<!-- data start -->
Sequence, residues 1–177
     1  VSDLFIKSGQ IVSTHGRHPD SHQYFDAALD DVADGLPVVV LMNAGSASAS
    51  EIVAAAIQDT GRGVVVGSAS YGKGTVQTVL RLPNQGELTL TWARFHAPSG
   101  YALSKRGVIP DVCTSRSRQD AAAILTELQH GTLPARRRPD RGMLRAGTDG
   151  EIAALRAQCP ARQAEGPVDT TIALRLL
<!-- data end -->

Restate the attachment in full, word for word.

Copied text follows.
Sequence, residues 1–177
     1  VSDLFIKSGQ IVSTHGRHPD SHQYFDAALD DVADGLPVVV LMNAGSASAS
    51  EIVAAAIQDT GRGVVVGSAS YGKGTVQTVL RLPNQGELTL TWARFHAPSG
   101  YALSKRGVIP DVCTSRSRQD AAAILTELQH GTLPARRRPD RGMLRAGTDG
   151  EIAALRAQCP ARQAEGPVDT TIALRLL